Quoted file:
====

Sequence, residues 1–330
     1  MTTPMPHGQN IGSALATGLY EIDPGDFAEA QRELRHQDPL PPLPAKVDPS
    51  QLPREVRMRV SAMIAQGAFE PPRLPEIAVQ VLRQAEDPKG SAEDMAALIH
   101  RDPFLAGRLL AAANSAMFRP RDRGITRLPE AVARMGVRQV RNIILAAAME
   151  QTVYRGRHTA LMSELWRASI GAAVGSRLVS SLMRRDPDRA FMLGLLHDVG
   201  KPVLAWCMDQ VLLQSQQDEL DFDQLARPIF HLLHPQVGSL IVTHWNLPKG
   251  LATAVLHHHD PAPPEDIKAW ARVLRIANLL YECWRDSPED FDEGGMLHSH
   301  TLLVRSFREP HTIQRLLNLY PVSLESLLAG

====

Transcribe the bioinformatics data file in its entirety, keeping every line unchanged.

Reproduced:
Sequence, residues 1–330
     1  MTTPMPHGQN IGSALATGLY EIDPGDFAEA QRELRHQDPL PPLPAKVDPS
    51  QLPREVRMRV SAMIAQGAFE PPRLPEIAVQ VLRQAEDPKG SAEDMAALIH
   101  RDPFLAGRLL AAANSAMFRP RDRGITRLPE AVARMGVRQV RNIILAAAME
   151  QTVYRGRHTA LMSELWRASI GAAVGSRLVS SLMRRDPDRA FMLGLLHDVG
   201  KPVLAWCMDQ VLLQSQQDEL DFDQLARPIF HLLHPQVGSL IVTHWNLPKG
   251  LATAVLHHHD PAPPEDIKAW ARVLRIANLL YECWRDSPED FDEGGMLHSH
   301  TLLVRSFREP HTIQRLLNLY PVSLESLLAG